“Age is just a number. It is totally irrelevant unless, of course, you happen to be a bottle of wine.” –Joan Collins
The first day I opened The Hidden Garden Hideaway, I was fully booked. And then madness began. I was a nervous wreck. I had hotel guests, mainly Hollywood’s rich and famous, sporting bruised and swollen eyes and covered in sterile gauze head dressings, sneaking in the back door hiding from the paparazzi. You can understand why I was in such a state. NO ONE IN HER RIGHT MIND WOULD HAVE OPENED SUCH A BUSINESS AND THEN NAMED IT THE HIDDEN GARDEN HIDEAWAY
But looking back, I knew I was in the right place when the phone rang late that afternoon. The operation of the hideaway was complex; all new staff, food preparation, reservations to be booked; I was overwhelmed with figuring it out when a young lady called for information saying she was Jackie Onassis’s assistant. I was shocked at having such a high profile personality call. I had expected Hollywood’s famous but not Jackie O. Then I thought this is too good to be true and realized–it’s a joke!
“O.K., which one of my friends put you up to this?”
Thank God, the caller didn’t hang up. When I heard this chuckle on the other end of the line, instantly I realized this was not a joke. Of all the people in the world to call! I was so embarrassed and apologized. I had always wanted to meet Jackie, but never expected it might be at The Hidden Garden. So from then on I never doubted any caller and never had to, as they were all real.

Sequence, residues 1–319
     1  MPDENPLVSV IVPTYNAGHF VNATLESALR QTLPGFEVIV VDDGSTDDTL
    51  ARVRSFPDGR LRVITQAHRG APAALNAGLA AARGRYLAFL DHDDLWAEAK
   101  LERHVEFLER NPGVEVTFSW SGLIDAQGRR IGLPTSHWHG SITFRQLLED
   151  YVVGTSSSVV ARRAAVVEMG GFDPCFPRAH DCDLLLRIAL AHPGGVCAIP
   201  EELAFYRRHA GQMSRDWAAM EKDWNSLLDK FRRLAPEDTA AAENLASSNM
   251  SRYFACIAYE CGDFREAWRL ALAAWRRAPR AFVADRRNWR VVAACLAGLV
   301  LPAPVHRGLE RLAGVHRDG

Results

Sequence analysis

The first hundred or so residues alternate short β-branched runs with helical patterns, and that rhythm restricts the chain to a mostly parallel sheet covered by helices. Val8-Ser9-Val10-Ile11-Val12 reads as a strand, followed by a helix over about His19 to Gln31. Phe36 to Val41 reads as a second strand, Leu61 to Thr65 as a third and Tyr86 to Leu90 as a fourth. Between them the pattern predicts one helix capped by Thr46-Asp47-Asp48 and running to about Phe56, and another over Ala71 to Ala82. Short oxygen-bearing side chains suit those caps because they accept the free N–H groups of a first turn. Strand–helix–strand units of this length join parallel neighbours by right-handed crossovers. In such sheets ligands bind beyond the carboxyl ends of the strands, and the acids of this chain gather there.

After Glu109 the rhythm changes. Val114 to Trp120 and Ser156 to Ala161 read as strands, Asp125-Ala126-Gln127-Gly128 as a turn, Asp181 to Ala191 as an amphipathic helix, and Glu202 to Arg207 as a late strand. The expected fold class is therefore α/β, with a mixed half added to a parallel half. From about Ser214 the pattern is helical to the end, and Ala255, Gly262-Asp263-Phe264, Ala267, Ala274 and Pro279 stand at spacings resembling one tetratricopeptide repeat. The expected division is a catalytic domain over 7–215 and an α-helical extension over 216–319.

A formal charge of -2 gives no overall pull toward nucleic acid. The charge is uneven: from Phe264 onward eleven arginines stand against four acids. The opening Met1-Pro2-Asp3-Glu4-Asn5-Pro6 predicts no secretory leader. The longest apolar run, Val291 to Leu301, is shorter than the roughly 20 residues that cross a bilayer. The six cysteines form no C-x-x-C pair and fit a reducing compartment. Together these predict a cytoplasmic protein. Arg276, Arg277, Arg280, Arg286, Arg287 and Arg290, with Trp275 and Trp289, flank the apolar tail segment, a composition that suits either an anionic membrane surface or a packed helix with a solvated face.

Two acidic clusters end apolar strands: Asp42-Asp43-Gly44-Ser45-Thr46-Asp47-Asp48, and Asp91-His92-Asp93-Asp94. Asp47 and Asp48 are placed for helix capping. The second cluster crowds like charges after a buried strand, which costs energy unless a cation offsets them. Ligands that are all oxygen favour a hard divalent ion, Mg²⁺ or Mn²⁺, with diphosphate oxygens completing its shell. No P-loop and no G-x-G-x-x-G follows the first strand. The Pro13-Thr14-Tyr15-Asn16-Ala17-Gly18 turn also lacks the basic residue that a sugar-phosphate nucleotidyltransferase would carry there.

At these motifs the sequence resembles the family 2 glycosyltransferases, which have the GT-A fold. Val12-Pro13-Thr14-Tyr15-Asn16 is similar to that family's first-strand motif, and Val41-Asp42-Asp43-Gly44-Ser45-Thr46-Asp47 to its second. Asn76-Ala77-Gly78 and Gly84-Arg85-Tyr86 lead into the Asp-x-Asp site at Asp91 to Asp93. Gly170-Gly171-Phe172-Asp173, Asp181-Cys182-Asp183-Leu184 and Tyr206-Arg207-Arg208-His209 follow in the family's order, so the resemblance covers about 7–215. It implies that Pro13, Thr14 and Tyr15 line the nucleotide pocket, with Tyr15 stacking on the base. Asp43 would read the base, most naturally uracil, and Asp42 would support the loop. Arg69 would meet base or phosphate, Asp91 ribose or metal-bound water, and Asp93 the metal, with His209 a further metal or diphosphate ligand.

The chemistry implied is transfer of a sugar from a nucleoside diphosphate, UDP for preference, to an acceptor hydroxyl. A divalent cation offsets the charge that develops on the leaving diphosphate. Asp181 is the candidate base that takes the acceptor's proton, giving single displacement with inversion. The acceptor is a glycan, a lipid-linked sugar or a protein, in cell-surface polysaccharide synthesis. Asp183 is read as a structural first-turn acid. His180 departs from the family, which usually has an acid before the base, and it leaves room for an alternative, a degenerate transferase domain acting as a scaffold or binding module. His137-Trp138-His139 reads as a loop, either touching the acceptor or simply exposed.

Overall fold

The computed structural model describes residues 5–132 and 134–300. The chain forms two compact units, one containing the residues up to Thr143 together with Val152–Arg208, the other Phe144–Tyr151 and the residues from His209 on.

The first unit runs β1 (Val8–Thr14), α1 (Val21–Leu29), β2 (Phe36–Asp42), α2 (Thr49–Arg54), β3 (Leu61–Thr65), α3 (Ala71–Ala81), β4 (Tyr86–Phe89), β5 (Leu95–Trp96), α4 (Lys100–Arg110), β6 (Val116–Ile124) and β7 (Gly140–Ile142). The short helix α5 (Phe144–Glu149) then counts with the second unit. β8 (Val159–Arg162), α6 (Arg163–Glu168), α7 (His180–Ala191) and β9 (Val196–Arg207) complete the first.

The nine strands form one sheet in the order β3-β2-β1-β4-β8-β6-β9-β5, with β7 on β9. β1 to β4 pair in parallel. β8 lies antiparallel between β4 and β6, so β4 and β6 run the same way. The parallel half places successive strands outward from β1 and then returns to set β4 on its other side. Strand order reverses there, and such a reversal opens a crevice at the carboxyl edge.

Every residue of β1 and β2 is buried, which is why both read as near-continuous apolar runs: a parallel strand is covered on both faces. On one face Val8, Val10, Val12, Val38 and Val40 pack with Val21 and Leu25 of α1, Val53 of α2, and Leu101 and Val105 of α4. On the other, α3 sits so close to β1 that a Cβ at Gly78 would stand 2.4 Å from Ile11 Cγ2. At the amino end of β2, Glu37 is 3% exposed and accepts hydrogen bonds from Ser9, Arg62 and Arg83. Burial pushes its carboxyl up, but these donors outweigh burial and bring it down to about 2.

After a few weeks we got into a routine and found that our day actually began in the late afternoon, at the nursing shift change, when the staff would gather to give the updated reports on the guests to the incoming nurses. At first these staff reports seemed E.R. style description and almost scary, but some were so “off the wall” that we’d find ourselves rolling in laugher. And we desperately needed this laughter to release the constant high level of tension.
For you to get the picture of a typical afternoon, one of my early experiences went like this:
FYI: Full facelift procedures are serious surgeries and require some form of a full head dressing, referred to as a helmet dressing. Clean white gauze is wrapped around your head covering your hair and sides of your face wrapping around under the chin. For the first day and sometimes two, there are suction tubes that collect the drainage—a watery-blood substance–into a small clear plastic ball that hangs at the end of these tubes, one on each side of the face. These are called Jackson-Pratt drains. They are filled with this bloody-like substance; not very pretty yet incredibly necessary. The only visible part of the face is swollen and bruised. Some people look better than others.
Hiding some 4,000 celebrities, royalty and international heads of state the anxiety of managing this type of business, 24/7, was beyond anything you can imagine. As anyone who works with the rich and famous knows, it’sintense. For these high profile guests, this was one of the most important “secrets” in their lives and like with any surgery it could be fatal.
Yet, I have to confess, as intense as it was, it was an exciting time.